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When Larry Bailey asked his students at Ashland (Ky.) Middle School to think of a research project, one decided to research her dad's favorite baseball player: Pete Rose. Rose also happens to be Bailey's childhood hero. Naturally, he gave her the green light.
About six months later, that class project has taken on a life of its own. Abby Campbell, with the help of Bailey, is compiling a list of 4,256 reasons Rose should be in the Baseball Hall of Fame – one for each hit he notched during his MLB career.
Rose played 23 years in the majors, most of them with the Cincinnati Reds. He was the 1963 National League Rookie of the Year, 1973 NL MVP, and won three batting titles and two Gold Gloves. He helped the Reds to two World Series titles and the Phillies to the organization's first before retiring in 1986 as the all-time leader in hits, games and at-bats.
Many fans considered him the greatest of all time, and Rose stayed in the game as a coach after his playing days ended. It was as a coach, though, that his legacy fell apart. Rose was caught betting on the game in 1989. On Aug. 23, 1989, he was permanently suspended from the league. The next year he was arrested for tax evasion.
Abby didn't know this when she started the project – she just knew that Rose had been a great player and that her dad and grandfather thought the world of him. When she heard about his criminal record, she had a hard time with it at first, she told Yahoo Sports.
"At first I was like, 'Oh gosh, maybe he’s not such a good role model,'" she said. "But then we got into looking into his work ethic and I realized he is a very good role model for baseball."
So far she and her teacher have spoken to about 50 former players, coaches, umpires and scouts, including Larry Heisel, Drew Hall, Brandon Webb, Clay Carrol, Tommy Heims, Joe Morgan, Charlie Rutherford, and, the most exciting name on the list, Pete Rose himself.
One of the players Bailey spoke with made the argument that Rose didn't do anything everyone else wasn't doing, he just happened to get caught. "'You cannot not bet on baseball, I promise you,'" Bailey quoted the player, who wanted to remain anonymous, as saying. "He said, 'I sat in the dugout so many times and bet when Nolan Ryan was my teammate – how many strikeouts would he get? Did we determine the outcome of that game? No, but every day in every clubhouse, it was, OK, $100 bucks.'"
Others focused on Rose's work ethic and devotion to helping young players improve.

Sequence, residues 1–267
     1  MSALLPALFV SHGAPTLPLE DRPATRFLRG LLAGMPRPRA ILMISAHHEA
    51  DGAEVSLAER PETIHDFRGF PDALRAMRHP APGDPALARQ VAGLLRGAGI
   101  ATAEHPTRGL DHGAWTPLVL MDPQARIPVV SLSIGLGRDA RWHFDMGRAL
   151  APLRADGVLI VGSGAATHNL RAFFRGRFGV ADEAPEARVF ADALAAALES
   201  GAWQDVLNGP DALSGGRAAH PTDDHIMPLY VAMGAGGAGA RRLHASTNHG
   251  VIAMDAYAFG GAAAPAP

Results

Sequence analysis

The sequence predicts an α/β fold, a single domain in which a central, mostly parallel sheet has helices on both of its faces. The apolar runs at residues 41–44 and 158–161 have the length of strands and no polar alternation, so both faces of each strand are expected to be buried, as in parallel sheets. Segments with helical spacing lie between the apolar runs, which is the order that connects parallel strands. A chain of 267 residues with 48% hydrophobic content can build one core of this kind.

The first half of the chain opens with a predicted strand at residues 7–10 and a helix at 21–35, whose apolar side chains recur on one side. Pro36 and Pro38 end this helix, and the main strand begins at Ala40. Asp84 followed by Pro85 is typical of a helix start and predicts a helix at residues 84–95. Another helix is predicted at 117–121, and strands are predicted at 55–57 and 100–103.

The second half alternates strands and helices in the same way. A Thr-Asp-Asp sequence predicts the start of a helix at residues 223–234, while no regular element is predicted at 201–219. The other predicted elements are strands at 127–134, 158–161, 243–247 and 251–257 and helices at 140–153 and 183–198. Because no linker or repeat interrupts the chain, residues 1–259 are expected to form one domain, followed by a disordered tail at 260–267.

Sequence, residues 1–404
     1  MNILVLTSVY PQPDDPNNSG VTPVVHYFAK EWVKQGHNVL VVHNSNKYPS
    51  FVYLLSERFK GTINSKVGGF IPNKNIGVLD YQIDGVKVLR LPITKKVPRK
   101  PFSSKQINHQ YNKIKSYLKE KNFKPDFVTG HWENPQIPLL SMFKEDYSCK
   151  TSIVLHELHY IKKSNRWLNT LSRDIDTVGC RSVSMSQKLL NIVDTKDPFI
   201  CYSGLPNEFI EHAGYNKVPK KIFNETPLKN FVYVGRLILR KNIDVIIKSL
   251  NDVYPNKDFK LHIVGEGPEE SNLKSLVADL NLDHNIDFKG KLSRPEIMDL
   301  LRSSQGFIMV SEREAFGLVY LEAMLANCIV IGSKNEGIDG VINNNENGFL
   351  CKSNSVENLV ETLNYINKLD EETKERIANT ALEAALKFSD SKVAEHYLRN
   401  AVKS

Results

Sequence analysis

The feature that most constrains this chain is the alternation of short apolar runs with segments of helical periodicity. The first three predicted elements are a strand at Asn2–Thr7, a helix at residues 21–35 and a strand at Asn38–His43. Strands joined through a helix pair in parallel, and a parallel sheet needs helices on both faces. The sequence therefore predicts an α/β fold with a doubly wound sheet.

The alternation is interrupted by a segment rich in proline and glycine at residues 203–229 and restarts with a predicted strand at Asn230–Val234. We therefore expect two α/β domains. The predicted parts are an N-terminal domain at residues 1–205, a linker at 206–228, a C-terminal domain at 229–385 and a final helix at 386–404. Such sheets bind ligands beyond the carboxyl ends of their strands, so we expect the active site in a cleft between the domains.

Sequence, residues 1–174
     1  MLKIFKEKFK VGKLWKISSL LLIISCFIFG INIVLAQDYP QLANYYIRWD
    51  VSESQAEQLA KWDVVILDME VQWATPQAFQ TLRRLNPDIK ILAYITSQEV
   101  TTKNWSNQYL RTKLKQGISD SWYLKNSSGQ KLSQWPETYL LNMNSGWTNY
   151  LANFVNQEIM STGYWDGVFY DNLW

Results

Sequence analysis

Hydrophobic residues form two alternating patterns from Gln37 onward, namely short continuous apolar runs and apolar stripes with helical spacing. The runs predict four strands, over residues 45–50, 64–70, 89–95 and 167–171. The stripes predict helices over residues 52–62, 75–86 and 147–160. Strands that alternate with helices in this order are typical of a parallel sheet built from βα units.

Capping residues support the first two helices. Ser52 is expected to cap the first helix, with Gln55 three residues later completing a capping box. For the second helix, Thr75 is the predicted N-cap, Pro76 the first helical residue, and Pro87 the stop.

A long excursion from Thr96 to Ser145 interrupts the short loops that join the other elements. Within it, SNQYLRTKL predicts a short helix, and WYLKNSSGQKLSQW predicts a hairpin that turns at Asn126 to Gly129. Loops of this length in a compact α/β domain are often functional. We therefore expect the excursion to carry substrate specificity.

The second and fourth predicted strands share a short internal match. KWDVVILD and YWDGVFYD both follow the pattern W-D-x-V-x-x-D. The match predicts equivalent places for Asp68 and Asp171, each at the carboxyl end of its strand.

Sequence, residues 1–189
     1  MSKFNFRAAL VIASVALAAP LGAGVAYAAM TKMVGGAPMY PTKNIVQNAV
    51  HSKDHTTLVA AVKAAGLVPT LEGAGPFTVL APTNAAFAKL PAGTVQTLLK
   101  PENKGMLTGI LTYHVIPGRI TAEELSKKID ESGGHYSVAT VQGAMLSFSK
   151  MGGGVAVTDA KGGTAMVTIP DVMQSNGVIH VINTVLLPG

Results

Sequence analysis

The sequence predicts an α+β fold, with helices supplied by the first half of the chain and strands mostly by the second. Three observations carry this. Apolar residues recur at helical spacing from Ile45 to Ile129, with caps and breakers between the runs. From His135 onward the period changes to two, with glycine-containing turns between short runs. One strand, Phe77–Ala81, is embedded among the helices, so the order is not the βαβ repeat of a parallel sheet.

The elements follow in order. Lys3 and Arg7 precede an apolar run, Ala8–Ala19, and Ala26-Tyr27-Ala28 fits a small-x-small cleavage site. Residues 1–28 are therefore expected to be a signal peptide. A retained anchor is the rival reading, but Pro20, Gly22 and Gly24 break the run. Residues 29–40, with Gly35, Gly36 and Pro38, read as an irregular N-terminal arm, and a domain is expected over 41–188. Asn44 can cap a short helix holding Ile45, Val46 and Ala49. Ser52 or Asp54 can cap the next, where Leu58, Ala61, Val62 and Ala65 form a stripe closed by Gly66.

“When I played for the [Houston] Astros, I always wondered what Pete Rose had against us in that he played us so hard," said Morgan. "Once I got traded to the Reds I found out. He played that hard against every team every day.”
"Pete’s uncle once told another scout that when Pete was a little boy he would wake up and put his pants on with a ball glove tied to one side and boxing gloves to the other. He said if he couldn’t find a baseball game then he would find a prize fight," said Cincinnati Reds scout Gene Bennett.
“I was young and coming up and approached Pete one day and asked him if he could possibly meet with me some time down the road and talk baseball. He was in the prime of his career and I was just a rookie. He looked at me and said, ‘How about right now?’ That was the kind of player Pete Rose was. He always had time to help a player and talk baseball," said former Philadelphia Phillie Larry Hisle.
Abby gets to school an hour early every morning, and often stays late, researching Rose and contacting former teammates. So far they have about 2,000 reasons; they're hoping to reach their goal by this year's All-Star break. Here are Abby's Top 5:
1. We are a forgiving nation and he has more than paid for his betting crime.
2. Baseball gives so many 2nd chances to players, but not Pete, why?
3. Pete Rose still is the greatest ambassador for the game.
4. The majority of baseball fans want him in the Hall of Fame.
5. The Hall of Fame currently has over 20 items of Pete’s in the Hall, but will not allow him on a plaque? Are you kidding me?
Even if her project doesn't convince MLB to change the ban, Abby says it's time for the league to put Rose's crime in perspective. He was a true ballplayer who made one horrible mistake that he regrets, she said. That, plus what she plans to use as reason No. 4,256.
"It’s 4,256 hits," she said, "and steroids, zero."